Last year we have seen new hubs start up, new facilitators joining and we’ve also had to say goodbye to some really valued members of the CAHPR hubs teams.
Sam Harrison talks to us about her time as a CAHPR hub co-lead. She stepped aside in the autumn of2023 for others to take up the role. Read about why a role which she thought was for three years kept her enthusiastically in post for eight years!
I am a Professor in Respiratory Rehabilitation in the School of Health and Life Sciences at Teesside University. I am a physiotherapist by background with clinical experience delivering Pulmonary Rehabilitation. I am proud to hold a prestigious NIHR advanced fellowship which I commenced in 2021. I was also aco-lead for the Council for Applied Health Professions Research network (CAHPR) North-East (NE) hub, a role which I left in autumn 2023, after being in post for eight years and supporting its overarching mission to growAHP researchawareness and capacity.
Following completion of my PhD I undertook my international post-doctoral training in Toronto, Canada within a world-leading centre for Respiratory Rehabilitation Research. In 2015, I swapped the peameal bacon sandwich for a Teesside parmo, returning to the UK to embark on my first academic appointment. I confess I felt a little like a fish out of water, but I still ducked and dived to avoid taking on leadership roles that would detract from my ability to produce “real academic currency” aka outputs and grant income. This was very naive of me and I quickly learnt that being a successful academic requires you to wear many hats and my leadership hat was barely a fascinator!
I was encouraged to apply for the position as co-lead for the CAHPR NE hub by the outgoing co-lead and I was emboldened to take on my first significant leadership role because as a co-lead I would have a mentor in situate, Prof Cormac Ryan. I firmly believe you should aim to work alongside the type of leaders you aspire to be. Working alongside Cormac meant working alongside someone kind, collaborative, pragmatic, who has integrity and is undaunted in the face of setbacks. We have continued the co-leadership model within the NE huband I hope I was able to offer support to incoming co-leads and facilitators in a similar way.
Undertaking my first academic position in an institution where I hadnot worked previously and did not have a track record in respiratory research meant I had to build up my networks. My role as co-lead for the CAHPRNE hubfacilitatedmy ability to do this. It got me a seat at the table alongside people leading nursing, midwifery and AHP (NMAHP) research across the region and beyond, giving me an insight into futureplansand strategic objectives. Last year I presented CAHPR’s objectives and the NE hub’s activities and ambitions alongside Dr Jenni Naisby (co-lead CAHPR NE hub) at the NENC NMAHP webinar serieswhich was attended by approximately 80 delegates.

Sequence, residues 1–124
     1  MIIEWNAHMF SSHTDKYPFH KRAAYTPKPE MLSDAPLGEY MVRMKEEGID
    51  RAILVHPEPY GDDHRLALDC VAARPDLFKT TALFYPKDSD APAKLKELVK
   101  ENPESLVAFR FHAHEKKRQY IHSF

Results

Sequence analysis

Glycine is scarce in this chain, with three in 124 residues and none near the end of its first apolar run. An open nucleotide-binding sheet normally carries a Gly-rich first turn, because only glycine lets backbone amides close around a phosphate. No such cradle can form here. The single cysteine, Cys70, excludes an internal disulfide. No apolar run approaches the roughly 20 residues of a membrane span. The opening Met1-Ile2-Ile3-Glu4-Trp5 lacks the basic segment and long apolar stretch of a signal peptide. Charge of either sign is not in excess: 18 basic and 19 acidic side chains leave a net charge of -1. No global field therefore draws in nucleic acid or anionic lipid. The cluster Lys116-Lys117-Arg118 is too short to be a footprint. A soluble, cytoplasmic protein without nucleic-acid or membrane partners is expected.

As I have progressed my academic career I have felt less and less like a “real physio” but for the past eight years my work with CAHPR has been one of my windows into the NHS. For a number of years we have hosted a small grants scheme and one of my proudest contributions to CAHPR’s overarching mission is supporting 41clinicians to date to conduct a small piece of research that has a meaningfulclinical impact. This scheme has presented me with the opportunity to work with clinicians within respiratory rehabilitation, building my skills and portfolio as a mentor and supervisor.It has also allowed me to work with AHPs outside of my discipline promoting a multi-disciplinary approach to complex health issues. Presentations from small grant awardees at our online and in-person events has broadened my view of AHP research, increased my understanding of the real-life issues being faced across different disciplines and the approaches being taken to overcome these.
When I successfully applied to be the co-lead of the CAHPR NE hub I thought it was a role I would fulfill for three years. So why eight years later am I only just stepping down? Three reasons 1. The people, 2. The mission 3. The opportunities. I have made friends and met interesting and inspiring AHP colleagues. I am passionate about building AHP research capabilityand capacity, especially within the NE, an area which in the past has been under-represented in terms of research funding for health and yet is one of the regions with the highest prevalence of chronic conditions in the UK. Finally, as I have developed my own academiccareer, I have been able to bring something different to the role, for example contributing to strategic decision making at a regional level and leveraging funding through negotiations with other partners.
But…it was time to hand over the reins allowing someone else the opportunity to undertake this exciting and rewarding leadership role. Someone who is able to take the hub in new directions, potentially improving online presence.Someone who is in tune with the current issues faced by those working within the NHS during challenging times and can help support aspiring clinical academics to navigate any difficulties. I have every confidence that the CAHPR NE hub will continue to develop and thrive under the leadership of Drs Jenni Naisby, JajMankelow and Andy Graham and I look forward to continuing to support CAHPR as a member of the CAHPR Research Leadersin years to come.
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